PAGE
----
Canada’s Finance Minister, Chrystia Freeland, has introduced legislation for GST removal charges from newly developed rental properties and to modernize the country’s competition laws. This move aligns with Prime Minister Justin Trudeau’s commitment to address the ongoing housing crisis and affordability challenges in Canada.
During a recent news conference in New York City, Prime Minister Trudeau called on opposition parties to support this legislation, emphasizing the need for swift action. Experts have long advocated for removing GST charges from newly constructing purpose-built rentals to encourage their construction.
The Finance Department expects this measure to offer significant tax relief, amounting to $25,000 for a two-bedroom apartment valued at $500,000. Eligibility for the full rebate extends to new projects that commenced construction between September 14 and the end of 2030, with construction completion required by the end of 2035.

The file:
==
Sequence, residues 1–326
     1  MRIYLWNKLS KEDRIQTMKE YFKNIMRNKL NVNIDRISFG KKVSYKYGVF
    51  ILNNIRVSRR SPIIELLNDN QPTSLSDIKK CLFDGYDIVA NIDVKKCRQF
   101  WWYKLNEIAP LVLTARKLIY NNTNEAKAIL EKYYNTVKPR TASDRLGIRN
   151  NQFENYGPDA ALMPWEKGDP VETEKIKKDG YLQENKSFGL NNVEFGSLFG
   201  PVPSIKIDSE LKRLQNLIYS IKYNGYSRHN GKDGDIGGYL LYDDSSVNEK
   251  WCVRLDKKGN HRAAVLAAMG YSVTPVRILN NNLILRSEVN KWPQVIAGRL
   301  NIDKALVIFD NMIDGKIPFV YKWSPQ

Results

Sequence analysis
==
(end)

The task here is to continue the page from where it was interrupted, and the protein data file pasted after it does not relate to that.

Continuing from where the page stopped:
In addition to addressing housing concerns, the proposed legislation aims to strengthen the Competition Bureau, which is part of the federal government’s broader efforts to combat high prices driven by limited competition in various sectors. Under the proposed changes, the Competition Bureau would gain the authority to compel companies to provide information for market studies and to prevent collaborations that hinder competition and consumer choice.
Furthermore, the legislation seeks to eliminate the “efficiencies defense,” a provision that companies have used to secure approval for mergers despite potential anti-competitive effects, as long as the efficiencies generated offset the competitive harm. These changes to the Competition Act align with promises that the Liberal Party made to review and update competition laws.
Finance Minister Chrystia Freeland, along with several other cabinet ministers, is scheduled to host a news conference later today to discuss the details and implications of this new legislation.